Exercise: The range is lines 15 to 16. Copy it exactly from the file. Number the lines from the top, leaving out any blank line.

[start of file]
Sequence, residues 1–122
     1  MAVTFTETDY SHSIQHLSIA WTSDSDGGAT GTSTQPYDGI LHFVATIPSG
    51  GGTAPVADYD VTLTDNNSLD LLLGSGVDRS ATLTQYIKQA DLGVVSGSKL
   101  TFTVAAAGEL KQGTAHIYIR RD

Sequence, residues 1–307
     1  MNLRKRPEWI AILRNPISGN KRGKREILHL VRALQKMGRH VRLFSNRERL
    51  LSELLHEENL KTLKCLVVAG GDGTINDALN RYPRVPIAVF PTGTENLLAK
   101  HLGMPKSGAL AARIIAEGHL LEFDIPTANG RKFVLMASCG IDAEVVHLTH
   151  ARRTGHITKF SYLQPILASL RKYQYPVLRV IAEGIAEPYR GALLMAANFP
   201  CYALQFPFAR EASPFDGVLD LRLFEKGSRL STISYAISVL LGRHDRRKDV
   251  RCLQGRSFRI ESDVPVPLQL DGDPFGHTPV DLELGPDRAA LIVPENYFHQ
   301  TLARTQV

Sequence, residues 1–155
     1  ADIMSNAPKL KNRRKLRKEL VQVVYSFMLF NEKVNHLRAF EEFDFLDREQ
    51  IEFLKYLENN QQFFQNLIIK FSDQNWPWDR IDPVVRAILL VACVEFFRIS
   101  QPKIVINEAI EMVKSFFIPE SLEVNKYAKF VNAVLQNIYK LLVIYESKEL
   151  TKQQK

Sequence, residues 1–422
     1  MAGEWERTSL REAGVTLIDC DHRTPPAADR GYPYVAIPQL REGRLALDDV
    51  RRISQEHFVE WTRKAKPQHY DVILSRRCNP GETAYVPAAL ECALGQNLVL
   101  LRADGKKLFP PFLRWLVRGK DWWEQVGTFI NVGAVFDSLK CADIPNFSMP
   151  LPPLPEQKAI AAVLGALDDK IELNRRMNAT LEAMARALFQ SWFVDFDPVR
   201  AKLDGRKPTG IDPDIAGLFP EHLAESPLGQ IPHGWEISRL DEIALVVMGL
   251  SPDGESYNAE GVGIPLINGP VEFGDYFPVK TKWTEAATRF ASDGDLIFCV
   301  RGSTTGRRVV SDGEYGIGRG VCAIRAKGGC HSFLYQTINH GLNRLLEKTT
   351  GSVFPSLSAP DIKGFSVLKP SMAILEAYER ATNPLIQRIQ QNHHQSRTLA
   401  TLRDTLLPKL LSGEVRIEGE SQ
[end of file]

    51  IEFLKYLENN QQFFQNLIIK FSDQNWPWDR IDPVVRAILL VACVEFFRIS
   101  QPKIVINEAI EMVKSFFIPE SLEVNKYAKF VNAVLQNIYK LLVIYESKEL